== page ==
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Community Day debuts in Mastic Beach
Members of the Ancient and Honorable Huntington Militia dressed in colonial costumes and fired their guns in a salute outside the Manor of St. George in Mastic Beach to kick off Tri-Hamlet Community Day on Saturday.
More than 1,000 people were transported in buses to the manor, William Floyd Estate, downtown Mastic Beach Village, the Woodhull Family Cemetery and Wertheim National Wildlife Refuge in Shirley for a day full of free historical and educational activities.
“We’re trying to highlight some of the treasures of our community,” said state Sen. Lee Zeldin (R-Shirley), who helped organize the event through the Tri-Hamlet Renaissance Project, an initiative started last summer by elected officials and other civic leaders to bring more attention to the historical aspects of the area. “This neighborhood is rich in tradition and we want to entice people to come visit us.”
At the Manor of St. George, the Huntington Militia taught visitors about the food, weapons and clothing used during the Revolutionary War. The yard of the manor along the Carmans River is where the Battle of Fort St. George took place on Nov. 23, 1780.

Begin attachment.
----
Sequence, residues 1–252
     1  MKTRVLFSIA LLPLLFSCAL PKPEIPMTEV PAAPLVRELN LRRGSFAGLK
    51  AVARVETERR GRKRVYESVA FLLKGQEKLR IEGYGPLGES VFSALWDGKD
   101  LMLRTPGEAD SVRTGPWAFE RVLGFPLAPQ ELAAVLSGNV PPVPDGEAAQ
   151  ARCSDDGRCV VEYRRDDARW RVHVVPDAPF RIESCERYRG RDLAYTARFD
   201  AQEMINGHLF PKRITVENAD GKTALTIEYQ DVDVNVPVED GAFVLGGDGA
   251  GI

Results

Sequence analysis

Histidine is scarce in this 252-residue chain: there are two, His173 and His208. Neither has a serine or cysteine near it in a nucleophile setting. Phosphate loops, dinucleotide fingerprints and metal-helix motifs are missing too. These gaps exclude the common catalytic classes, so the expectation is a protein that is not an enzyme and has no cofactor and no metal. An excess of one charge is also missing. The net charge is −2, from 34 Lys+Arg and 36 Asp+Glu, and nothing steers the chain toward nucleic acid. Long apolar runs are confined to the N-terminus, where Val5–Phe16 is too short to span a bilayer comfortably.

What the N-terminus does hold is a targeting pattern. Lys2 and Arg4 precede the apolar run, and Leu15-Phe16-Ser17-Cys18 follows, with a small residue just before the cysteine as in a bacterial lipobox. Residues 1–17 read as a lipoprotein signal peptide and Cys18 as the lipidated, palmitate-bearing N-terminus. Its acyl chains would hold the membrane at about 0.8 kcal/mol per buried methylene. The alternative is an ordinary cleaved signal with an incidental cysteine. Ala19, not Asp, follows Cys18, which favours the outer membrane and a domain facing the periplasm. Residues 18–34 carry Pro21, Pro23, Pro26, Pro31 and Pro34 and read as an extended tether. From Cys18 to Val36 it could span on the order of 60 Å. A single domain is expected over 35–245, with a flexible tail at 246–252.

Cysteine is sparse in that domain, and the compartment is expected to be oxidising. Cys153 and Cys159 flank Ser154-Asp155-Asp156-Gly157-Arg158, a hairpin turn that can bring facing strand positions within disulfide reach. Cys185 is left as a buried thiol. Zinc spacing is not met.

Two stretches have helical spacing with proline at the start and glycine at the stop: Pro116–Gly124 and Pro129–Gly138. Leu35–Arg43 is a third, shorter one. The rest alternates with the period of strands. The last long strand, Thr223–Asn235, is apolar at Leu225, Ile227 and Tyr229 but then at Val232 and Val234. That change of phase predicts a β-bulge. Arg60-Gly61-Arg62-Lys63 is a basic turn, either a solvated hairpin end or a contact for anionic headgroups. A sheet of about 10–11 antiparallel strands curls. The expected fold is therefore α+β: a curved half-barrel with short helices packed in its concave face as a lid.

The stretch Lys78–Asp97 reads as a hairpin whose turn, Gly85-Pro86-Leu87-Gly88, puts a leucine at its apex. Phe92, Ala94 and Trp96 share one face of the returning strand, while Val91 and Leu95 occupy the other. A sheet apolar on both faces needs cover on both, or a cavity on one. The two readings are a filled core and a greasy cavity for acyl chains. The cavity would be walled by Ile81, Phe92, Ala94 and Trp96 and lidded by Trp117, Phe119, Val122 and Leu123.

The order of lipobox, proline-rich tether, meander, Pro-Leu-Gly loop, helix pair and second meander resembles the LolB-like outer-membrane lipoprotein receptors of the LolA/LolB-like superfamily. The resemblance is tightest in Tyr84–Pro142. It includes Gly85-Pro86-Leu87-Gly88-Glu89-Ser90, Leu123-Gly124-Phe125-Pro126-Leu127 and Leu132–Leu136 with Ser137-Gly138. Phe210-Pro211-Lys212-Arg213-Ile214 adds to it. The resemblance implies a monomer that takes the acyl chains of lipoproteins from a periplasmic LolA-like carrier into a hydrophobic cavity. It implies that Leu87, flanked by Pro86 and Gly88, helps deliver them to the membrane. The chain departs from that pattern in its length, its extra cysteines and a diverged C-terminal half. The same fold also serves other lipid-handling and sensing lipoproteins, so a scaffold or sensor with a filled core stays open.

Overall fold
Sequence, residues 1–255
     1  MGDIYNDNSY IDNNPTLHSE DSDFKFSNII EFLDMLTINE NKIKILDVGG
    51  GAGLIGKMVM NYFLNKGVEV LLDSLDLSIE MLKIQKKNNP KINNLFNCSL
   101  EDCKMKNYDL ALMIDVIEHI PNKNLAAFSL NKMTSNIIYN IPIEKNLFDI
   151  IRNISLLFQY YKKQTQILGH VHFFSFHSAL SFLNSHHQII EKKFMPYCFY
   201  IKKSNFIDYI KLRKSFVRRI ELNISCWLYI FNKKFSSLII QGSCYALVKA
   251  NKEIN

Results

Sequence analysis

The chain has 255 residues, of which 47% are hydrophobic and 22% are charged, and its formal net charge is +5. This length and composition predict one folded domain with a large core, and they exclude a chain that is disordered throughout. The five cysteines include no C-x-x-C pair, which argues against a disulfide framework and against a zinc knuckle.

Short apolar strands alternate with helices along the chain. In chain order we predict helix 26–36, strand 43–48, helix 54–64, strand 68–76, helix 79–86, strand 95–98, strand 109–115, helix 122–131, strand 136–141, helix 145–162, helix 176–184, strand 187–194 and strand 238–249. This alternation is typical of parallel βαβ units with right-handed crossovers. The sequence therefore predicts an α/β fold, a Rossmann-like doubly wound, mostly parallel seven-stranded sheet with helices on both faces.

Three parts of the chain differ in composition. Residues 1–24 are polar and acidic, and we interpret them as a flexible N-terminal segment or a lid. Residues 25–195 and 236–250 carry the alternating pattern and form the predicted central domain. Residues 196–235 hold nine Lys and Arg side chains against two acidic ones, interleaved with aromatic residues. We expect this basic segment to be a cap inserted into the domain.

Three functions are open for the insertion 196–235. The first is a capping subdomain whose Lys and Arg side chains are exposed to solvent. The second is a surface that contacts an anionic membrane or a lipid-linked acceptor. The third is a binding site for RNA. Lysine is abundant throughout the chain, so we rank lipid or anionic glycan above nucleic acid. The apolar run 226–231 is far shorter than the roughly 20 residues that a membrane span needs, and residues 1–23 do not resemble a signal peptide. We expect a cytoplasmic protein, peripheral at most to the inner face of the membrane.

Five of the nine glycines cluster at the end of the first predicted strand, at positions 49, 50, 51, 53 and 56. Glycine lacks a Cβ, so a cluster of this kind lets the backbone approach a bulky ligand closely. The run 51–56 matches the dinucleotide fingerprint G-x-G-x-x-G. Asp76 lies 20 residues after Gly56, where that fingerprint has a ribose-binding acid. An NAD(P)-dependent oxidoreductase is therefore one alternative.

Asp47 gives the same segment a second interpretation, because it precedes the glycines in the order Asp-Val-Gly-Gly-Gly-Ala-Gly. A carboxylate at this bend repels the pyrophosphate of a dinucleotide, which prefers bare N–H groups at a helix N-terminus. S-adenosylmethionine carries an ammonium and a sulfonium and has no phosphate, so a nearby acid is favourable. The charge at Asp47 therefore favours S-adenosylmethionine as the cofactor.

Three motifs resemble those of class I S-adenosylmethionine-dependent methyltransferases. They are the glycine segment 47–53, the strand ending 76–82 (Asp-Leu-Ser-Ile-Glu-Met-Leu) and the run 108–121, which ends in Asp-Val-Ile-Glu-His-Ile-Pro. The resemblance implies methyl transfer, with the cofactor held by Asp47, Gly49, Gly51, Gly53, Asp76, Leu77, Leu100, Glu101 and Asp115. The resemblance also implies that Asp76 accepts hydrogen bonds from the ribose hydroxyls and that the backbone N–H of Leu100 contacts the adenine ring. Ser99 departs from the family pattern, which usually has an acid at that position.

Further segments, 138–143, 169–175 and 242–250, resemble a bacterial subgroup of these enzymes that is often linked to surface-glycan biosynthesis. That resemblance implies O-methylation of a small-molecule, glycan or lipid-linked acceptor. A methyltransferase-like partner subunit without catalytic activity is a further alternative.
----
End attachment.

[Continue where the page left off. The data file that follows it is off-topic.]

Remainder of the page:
“I’ve lived here for a number of years and I didn’t know this was here,” said Miguel Rivera of Mastic Beach. “It’s nice to get a sense of the history of this place and I’m getting to meet my neighbors.”
A 10-minute drive from the manor took visitors to downtown Mastic Beach Village, where a car show of about 20 vehicles from the 1950s was on display. The car show included food from village vendors as well as live music.
“People need to see the diamonds in the rough of this area,” said Mike Lubrano, vice president of the Mastic Peninsula Historical Society and member of the Tri-Hamlet Renaissance Project. “We were looking for ways to cross-promote sites -- that way the history buffs can see the car show and the car guys can see the wildlife refuge.”
At the William Floyd Estate, visitors toured the home where Floyd and his wife lived. James and Diana Davies of Mastic Beach were dressed as William Floyd and his wife, Julia, and took photos with guests.
“We’ve been dressing up as the Floyds for years and now it’s kind of our thing,” said Diana Davies.
At the Wertheim National Wildlife Refuge, visitors could go on a trail hike or meet some of the birds and creatures of Long Island.
“This is an event where everyone can appreciate something,” said Lubrano.
Above: Diana and James Davies, as Julia and William Floyd, greet guests at William Floyd Estate during Tri-Hamlet Community Day in Mastic Beach. (June 9, 2012)